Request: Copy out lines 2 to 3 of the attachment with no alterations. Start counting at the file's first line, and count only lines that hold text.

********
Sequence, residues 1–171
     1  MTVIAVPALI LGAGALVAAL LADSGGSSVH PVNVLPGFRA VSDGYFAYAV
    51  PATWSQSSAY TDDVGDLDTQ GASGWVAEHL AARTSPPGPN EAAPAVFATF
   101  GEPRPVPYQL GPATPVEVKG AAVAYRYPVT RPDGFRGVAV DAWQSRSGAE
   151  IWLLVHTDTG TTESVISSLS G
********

     1  MTVIAVPALI LGAGALVAAL LADSGGSSVH PVNVLPGFRA VSDGYFAYAV
    51  PATWSQSSAY TDDVGDLDTQ GASGWVAEHL AARTSPPGPN EAAPAVFATF